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In Susanna Daniel’s novel “Sea Creatures” (Harper, $25.99), a family valiantly struggles to stay together under the looming shadow of a natural, and domestic, disaster. Daniel deftly navigates the reader through a stormy sea of emotions, as she blurs the edges between dreams and reality under the hot Miami sun.
With beautiful prose (“The emptiness of things rose like the sound of a choir making the sky bluer and more vast.”), “All That Is” (Alfred A. Knopf, $26.95), James Salter’s first novel in 34 years, follows the long life of Philip Bowman, from his daunting experiences in the Pacific theater of World War II to his old age on the East Coast after a successful career as an editor for a small literary press. Bowman’s life is filled with difficult authors and difficult lovers, which makes it easy for readers to enjoy this satisfying story by a masterful and lyrical writer.
“TransAtlantic” (Random House, $27), Colum McCann’s luminous triptych of a novel, spanning 150 years, recounts the experiences of iconic non-Irish figures (Frederick Douglass, Alcock and Brown, Sen. George Mitchell), whose achievements in Ireland have become part of the historical canon. Even more than this, though, McCann adds dimension and nuance by introducing Douglass to an impoverished maid fleeing the Famine, and the other famous men to the maid’s female descendants. The prose is beautiful, careful, and probing; it offers the clarity and confidence of an engraving.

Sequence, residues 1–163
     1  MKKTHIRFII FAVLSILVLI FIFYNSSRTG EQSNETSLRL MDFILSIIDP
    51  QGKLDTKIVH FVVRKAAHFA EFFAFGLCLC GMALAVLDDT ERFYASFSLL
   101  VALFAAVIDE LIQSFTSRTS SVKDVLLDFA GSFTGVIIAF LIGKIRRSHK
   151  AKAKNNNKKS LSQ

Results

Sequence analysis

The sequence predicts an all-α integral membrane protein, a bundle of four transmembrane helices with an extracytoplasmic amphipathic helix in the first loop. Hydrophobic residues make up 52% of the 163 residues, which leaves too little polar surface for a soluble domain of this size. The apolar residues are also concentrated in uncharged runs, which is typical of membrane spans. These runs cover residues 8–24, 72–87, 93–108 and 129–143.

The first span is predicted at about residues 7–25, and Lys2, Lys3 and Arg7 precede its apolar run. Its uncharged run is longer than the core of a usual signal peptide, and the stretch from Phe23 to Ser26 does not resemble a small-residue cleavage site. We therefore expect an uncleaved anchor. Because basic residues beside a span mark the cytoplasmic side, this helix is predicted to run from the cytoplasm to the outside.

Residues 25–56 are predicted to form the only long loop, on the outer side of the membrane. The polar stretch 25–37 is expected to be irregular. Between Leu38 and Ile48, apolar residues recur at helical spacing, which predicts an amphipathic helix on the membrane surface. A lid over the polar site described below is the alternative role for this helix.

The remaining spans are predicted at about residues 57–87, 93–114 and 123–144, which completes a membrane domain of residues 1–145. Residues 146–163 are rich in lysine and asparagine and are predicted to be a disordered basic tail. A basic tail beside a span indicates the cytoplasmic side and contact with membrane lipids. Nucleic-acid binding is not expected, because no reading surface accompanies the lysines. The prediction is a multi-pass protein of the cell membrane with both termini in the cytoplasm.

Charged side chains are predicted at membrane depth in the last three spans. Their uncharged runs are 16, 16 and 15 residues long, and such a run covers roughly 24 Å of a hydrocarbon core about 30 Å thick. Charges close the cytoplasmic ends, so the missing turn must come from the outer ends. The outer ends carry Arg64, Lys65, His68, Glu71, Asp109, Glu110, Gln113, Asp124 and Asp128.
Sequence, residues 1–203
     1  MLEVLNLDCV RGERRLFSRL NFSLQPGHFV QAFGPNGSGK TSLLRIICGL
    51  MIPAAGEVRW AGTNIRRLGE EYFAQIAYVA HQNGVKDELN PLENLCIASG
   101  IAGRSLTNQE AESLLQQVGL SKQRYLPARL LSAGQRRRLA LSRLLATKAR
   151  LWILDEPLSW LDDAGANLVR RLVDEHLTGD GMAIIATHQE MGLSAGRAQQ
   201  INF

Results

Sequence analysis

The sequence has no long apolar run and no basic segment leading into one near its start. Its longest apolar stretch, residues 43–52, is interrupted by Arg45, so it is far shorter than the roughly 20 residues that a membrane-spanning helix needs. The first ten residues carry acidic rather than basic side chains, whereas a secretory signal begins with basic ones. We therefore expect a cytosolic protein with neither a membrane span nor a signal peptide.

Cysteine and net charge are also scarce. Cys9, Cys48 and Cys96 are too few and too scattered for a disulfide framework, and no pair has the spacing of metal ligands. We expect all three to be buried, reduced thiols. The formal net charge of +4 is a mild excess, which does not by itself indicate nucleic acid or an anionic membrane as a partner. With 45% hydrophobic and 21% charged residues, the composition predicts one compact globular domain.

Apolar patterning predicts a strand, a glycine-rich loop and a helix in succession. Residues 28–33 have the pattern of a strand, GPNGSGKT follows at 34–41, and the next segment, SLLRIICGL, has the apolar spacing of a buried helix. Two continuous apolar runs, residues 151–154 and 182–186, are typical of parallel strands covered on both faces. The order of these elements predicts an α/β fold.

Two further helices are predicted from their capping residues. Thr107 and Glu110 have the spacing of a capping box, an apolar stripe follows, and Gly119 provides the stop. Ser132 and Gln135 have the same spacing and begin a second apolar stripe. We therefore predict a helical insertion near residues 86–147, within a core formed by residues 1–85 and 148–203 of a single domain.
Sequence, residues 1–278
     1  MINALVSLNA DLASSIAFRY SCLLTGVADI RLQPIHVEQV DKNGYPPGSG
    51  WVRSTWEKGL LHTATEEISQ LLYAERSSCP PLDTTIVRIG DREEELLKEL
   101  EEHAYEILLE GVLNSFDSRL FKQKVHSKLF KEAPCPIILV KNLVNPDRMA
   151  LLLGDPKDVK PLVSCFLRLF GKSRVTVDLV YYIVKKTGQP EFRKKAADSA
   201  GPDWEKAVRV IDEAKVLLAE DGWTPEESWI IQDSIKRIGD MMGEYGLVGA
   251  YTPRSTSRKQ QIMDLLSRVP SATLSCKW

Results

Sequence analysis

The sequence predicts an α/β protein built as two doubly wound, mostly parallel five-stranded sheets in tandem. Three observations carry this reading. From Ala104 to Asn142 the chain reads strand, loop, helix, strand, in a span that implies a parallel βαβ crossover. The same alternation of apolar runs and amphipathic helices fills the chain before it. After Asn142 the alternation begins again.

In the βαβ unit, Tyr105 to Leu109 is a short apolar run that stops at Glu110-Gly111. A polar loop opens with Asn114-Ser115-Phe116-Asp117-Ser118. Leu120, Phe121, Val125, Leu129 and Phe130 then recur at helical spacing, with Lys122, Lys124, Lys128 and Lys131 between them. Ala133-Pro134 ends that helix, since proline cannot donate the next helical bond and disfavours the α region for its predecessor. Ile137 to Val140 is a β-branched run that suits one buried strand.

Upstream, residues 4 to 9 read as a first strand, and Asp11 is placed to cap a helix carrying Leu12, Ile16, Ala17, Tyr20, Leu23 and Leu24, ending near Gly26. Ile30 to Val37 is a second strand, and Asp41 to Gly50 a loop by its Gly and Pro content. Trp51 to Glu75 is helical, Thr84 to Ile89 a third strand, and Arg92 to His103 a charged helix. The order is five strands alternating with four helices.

“Year Zero: A History of 1945,” by Ian Buruma (Penguin, $29.95). The year 1945 marked not just the end of World War II, but also the end of an entire world. It was a year of euphoria, wild celebration and hope — and devastation, reprisals and despair: a year of transformation on an unprecedented scale. While Buruma’s history is impressively global, chronicling social, cultural and political upheavals in both Asia and Europe, the dramas are played out on a human scale, creating a compelling narrative that helps us make sense of our lives in “the long dark shadow of what came before.”